A possible Cabinet revolt over Theresa May’s Brexit plans has been underlined after a third of her senior ministers met in private to discuss ways to stop a ‘soft’ exit from the EU.
The ominous gathering of the so-called ‘Pizza Club’, a group convened by Commons Leader Andrea Leadsom, came just hours before the full Cabinet was due to meet ahead of a crunch EU summit this week.
The private dinner in Leadsom’s office also followed growing unease among Brexiteer backbenchers at the PM’s failure to give them a guaranteed end-date for any plan to keep Britain tied to EU customs rules.
Among those present were Brexit Secretary Dominic Raab, Foreign Secretary Jeremy Hunt, Attorney General Sir Geoffrey Cox and Environment Secretary Michael Gove.
International Development Secretary Penny Mordaunt, Transport Secretary Chris Grayling and Treasury Chief Secretary Liz Truss also turned up for the session in the Commons.
A further five ministers sent apologies to the meeting: International Trade Secretary Liam Fox, Home Secretary Sajid Javid, Lords leader Baroness Evans, Secretary Matt Hancock and Work and Pensions Secretary Esther McVey.
Earlier, asked whether May regarded the so-called ‘pizza summit’ as helpful, her official spokesman played down the issue: “Cabinet ministers are free to eat whatever they choose. Cabinet colleagues have discussions with each other all the time.”
A ministerial aide tried to dispel claims that the meeting was a ‘plot’ against the PM, joking: “When did sharing a slice of pizza with colleagues become evidence of sedition?”
But with EU chief Donald Tusk also warning that a no-deal Brexit was now “more likely than ever before”, the PM is facing pressure from all sides as she tries to stick to her ‘Chequers’ compromise proposals for leaving the EU.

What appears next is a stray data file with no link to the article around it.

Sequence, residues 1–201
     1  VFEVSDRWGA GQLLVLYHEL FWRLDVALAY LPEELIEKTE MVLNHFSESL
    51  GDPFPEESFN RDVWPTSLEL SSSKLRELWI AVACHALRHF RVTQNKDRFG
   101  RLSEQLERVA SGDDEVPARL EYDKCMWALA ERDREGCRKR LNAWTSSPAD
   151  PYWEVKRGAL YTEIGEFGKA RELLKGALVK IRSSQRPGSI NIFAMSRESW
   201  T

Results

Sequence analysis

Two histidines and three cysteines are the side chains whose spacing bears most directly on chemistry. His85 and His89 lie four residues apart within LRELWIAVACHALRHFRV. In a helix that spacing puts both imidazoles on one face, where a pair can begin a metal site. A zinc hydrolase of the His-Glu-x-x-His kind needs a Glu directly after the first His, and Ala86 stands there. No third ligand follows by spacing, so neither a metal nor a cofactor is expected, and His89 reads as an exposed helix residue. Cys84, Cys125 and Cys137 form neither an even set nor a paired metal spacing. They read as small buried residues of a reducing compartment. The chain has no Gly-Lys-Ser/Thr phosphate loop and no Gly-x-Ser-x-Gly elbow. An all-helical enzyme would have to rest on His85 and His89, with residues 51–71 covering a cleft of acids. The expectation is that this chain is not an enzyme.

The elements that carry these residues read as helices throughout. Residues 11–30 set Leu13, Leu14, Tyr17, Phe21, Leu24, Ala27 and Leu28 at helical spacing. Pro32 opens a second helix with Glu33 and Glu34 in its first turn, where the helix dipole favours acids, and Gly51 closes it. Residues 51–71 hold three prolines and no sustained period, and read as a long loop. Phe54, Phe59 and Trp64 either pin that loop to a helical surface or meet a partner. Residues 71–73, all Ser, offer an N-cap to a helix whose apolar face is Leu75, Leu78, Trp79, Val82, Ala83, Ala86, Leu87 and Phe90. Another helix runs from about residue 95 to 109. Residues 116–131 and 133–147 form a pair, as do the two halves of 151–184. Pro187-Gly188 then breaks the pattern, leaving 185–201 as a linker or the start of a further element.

Amid continued rumours that Tory MPs are set to hand in more letters demanding a vote of confidence in May’s leadership, one source told HuffPost: “We never wanted to go down the letters route, but things are spiralling out of control.”
One Brexiteer added that the Cabinet Leavers’ stance would be “crucial”. “We are telling them ’you have to sort this out, Chuck Chequers this week, or you’re liable to be chucked out along with everything else.”
Some ministers plan to demand a specific end-date or further guarantees when the full Cabinet meets on Tuesday morning. Several fear that they will discover the details only after May’s plans have been floated with Brussels.
Former government aide Andrea Jenkyns became the latest backbencher to publicly call for May to step aside.
With May depending on the DUP’s 10 MPs to prop up her government, the Northern Ireland party again warned her on Monday not to do anything that tied the province indefinitely to the EU and that treated it differently from the rest of the UK.
Deputy leader Nigel Dodds told BBC’s Newsnight that May’s answers in the Commons were “not clear” on the so-called ‘backstop’ aimed at preventing a hard border in Ireland.
Dodds added that “of course we wouldn’t push for a general election”, but hinted the DUP could pull out of its pact with the Tories and force the PM to try to govern with a Commons minority on a day-to-day basis.
Lead backbench Brexiteer Steve Baker also said: “The Cabinet need to change the Prime Minister’s mind.”
He added that “there are not Eurosceptic numbers to change Prime Minister” and “there really isn’t time for a long leadership contest”.
However, it is understood that some non-Brexiteer MPs are ready to join forces with their Leaver colleagues in order to oust May in a short, sharp contest.
The PM sparked suspicions in the Commons when she refused to give guarantees to either Boris Johnson or former Tory leader Iain Duncan Smith that there would be a specific end date after which the UK would not take part in a “temporary” customs arrangement with the EU.
Brexiteer Simon Clarke said that she had “failed to reassure” her backbenchers that the UK would definitely leave such a union with the 27-nation bloc by December 2021. May only said that it was her “expectation” that the UK would cease the arrangement by then.
“She continues to argue for a common [EU] rulebook that many of us on these benches will not be able to support. Will she not pivot to a super-Canada policy [a trade deal without EU regulations]? I urge her to do so. Please before it is too late.”